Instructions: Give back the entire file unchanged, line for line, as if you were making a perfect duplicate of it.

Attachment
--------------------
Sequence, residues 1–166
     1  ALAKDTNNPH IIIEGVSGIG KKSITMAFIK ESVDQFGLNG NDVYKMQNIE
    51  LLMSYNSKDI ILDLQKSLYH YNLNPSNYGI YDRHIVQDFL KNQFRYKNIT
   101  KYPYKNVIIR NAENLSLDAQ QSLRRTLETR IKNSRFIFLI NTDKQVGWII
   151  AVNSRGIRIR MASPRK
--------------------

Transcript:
Sequence, residues 1–166
     1  ALAKDTNNPH IIIEGVSGIG KKSITMAFIK ESVDQFGLNG NDVYKMQNIE
    51  LLMSYNSKDI ILDLQKSLYH YNLNPSNYGI YDRHIVQDFL KNQFRYKNIT
   101  KYPYKNVIIR NAENLSLDAQ QSLRRTLETR IKNSRFIFLI NTDKQVGWII
   151  AVNSRGIRIR MASPRK